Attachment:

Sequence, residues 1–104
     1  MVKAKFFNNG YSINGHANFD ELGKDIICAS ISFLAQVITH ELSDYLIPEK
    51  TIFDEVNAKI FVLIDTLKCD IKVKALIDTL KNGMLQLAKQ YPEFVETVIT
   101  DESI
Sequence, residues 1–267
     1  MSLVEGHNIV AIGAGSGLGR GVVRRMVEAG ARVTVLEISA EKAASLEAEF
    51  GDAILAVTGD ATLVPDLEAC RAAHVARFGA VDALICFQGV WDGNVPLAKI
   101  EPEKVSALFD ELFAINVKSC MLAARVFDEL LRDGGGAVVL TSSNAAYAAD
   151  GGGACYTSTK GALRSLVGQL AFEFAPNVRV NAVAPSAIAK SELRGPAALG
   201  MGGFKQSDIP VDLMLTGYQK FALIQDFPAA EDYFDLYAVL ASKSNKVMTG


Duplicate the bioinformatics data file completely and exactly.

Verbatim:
Sequence, residues 1–104
     1  MVKAKFFNNG YSINGHANFD ELGKDIICAS ISFLAQVITH ELSDYLIPEK
    51  TIFDEVNAKI FVLIDTLKCD IKVKALIDTL KNGMLQLAKQ YPEFVETVIT
   101  DESI
Sequence, residues 1–267
     1  MSLVEGHNIV AIGAGSGLGR GVVRRMVEAG ARVTVLEISA EKAASLEAEF
    51  GDAILAVTGD ATLVPDLEAC RAAHVARFGA VDALICFQGV WDGNVPLAKI
   101  EPEKVSALFD ELFAINVKSC MLAARVFDEL LRDGGGAVVL TSSNAAYAAD
   151  GGGACYTSTK GALRSLVGQL AFEFAPNVRV NAVAPSAIAK SELRGPAALG
   201  MGGFKQSDIP VDLMLTGYQK FALIQDFPAA EDYFDLYAVL ASKSNKVMTG